When Hong returned in 1949, philosophy became a department of its own. Joining Hong and Narum were Walter Stromseth (St. Olaf class of 1950) in 1956 and Frederick Stoutland (St. Olaf class of 1954) in 1962. These four were the builders of the department, introducing a full range of courses, establishing appropriate requirements for the major, and setting high standards for teaching and scholarship. Hong retired in 1978, Stromseth in 1996, and Stoutland in 1997. Trees were planted in their honor in the “philosophers’ grove” to the west of Holland Hall. Narum and Stromseth were two of the founders of the Paracollege in 1968, which Narum served as first Master (a title later changed to Senior Fellow and then to Senior Tutor), and in which many philosophers taught until its demise in the middle 1990s. Also, the department has had close relationships with the Howard and Edna Hong Kierkegaard Library, of which Hong, (until 1984), C. Stephen Evans (1984-94), and Gordon Marino (1994- ) served and serves as Curator.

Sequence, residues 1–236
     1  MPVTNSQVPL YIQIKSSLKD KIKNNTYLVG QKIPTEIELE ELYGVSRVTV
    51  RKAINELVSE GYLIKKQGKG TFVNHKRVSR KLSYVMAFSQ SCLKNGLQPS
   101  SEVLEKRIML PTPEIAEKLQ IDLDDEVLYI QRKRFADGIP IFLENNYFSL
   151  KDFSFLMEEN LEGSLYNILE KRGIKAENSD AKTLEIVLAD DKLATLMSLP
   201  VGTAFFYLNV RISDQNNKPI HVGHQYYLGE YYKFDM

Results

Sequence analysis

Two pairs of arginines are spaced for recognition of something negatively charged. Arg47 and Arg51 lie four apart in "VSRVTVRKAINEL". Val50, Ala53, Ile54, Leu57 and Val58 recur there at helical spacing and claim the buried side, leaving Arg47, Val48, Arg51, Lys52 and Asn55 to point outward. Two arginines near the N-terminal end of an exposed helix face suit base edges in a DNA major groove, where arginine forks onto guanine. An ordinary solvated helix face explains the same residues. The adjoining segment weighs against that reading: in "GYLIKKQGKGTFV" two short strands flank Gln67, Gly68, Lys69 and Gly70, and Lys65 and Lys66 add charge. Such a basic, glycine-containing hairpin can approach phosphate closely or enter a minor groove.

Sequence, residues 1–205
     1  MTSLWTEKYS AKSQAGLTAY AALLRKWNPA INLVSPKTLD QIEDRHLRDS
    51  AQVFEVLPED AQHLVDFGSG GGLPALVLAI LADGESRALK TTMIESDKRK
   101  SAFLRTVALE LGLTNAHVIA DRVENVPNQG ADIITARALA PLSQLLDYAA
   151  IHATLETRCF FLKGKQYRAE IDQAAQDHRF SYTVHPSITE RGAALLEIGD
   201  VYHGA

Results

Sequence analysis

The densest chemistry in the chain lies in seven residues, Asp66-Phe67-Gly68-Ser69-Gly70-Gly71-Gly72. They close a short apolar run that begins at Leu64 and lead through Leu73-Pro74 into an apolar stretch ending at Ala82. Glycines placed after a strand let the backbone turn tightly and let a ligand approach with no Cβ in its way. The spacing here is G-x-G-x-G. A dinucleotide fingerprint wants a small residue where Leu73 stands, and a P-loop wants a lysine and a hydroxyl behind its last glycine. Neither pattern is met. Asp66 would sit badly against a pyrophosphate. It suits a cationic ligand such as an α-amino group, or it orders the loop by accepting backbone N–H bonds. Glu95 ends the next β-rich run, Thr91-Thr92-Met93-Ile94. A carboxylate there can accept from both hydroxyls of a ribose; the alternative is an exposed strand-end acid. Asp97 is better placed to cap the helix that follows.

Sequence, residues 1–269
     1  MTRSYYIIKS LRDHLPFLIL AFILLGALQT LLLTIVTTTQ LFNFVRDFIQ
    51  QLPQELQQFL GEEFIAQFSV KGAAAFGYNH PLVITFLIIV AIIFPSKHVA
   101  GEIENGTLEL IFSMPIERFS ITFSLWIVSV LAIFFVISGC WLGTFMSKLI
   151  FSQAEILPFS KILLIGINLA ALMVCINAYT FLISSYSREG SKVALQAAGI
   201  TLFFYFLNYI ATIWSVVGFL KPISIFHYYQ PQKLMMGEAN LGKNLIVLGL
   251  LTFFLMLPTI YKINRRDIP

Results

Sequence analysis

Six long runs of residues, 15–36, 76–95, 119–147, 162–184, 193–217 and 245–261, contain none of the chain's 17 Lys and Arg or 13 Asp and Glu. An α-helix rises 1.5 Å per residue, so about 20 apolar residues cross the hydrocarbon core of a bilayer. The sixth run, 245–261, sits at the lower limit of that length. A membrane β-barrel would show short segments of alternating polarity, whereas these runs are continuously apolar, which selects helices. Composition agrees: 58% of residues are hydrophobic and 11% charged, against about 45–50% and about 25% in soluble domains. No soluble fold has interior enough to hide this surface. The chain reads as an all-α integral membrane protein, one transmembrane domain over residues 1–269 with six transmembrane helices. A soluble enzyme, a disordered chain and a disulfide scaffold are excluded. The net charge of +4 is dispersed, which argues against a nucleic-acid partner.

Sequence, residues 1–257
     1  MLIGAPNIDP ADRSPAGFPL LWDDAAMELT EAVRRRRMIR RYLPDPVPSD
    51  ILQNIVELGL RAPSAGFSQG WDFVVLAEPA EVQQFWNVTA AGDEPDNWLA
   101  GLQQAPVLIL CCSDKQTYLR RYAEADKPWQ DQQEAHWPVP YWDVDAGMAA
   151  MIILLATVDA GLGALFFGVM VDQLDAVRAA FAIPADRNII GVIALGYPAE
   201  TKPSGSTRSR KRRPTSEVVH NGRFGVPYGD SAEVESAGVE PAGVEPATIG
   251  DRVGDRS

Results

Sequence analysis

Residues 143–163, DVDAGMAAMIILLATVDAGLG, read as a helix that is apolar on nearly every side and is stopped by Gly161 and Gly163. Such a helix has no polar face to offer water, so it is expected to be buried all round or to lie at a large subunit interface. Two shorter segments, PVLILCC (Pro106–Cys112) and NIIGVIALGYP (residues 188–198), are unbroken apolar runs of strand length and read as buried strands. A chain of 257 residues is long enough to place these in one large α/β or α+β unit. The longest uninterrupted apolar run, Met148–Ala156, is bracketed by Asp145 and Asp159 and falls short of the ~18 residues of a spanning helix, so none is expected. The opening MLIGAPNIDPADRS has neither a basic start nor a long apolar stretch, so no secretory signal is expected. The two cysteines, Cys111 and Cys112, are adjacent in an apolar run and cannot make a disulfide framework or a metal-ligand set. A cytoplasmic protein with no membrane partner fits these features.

Since the sixties, at least, the department has met several times each semester as a colloquium to discuss papers and chapters written by its members. Also, at its meetings, it has often discussed its curriculum, its major, and various pedagogical issues. At least three times it has made a special effort at self-study. First, in September, 1978, after a summer of relevant readings, it held a retreat to examine its curriculum and consider changes. The outside consultants were Roy Elveton, Carleton College, and Kent Bendall, Wesleyan College. Second, in April, 1986, it held another retreat with Michael Root, University of Minnesota, as consultant. Preceding this meeting was a series of informal meetings with non-philosophy colleagues, and the sending out of numerous questionnaires to St. Olaf faculty and administrators, asking about their perceptions of the role of philosophy and the department at the college, and seeking their recommendations about possible changes. In particular, we discussed the balance between philosophy as intellectual history and as a traditional set of areas and issues, on the one hand, and, on the other, philosophy as the activity of critical thinking and practicing important intellectual skills. Third, as a result of the college-wide demand for outcomes assessment, over the past decade the department has formulated a statement about its overall educational mission and its objectives: “To foster a love of wisdom and to develop competence in critical interpretation, critical reflection, and philosophical literacy, so that graduates will be well-prepared for whatever calling or career they pursue.” An on-going discussion involves what these objectives mean and what they imply for teaching, what assessment methods are appropriate, and how to use the results of the latter. We conducted an in-depth self-study in 2002-03 as part of a review of the department. The external reviewers were Martin Gunderson, MacCalester College, Philip Quinn, University of Notre Dame, and Caroline Simon, Hope College. Much of the discussion was about how to define, implement, and assess specific educational objectives, especially given the staff reduction in the 1990s that occurred after the original aims and objectives were formulated.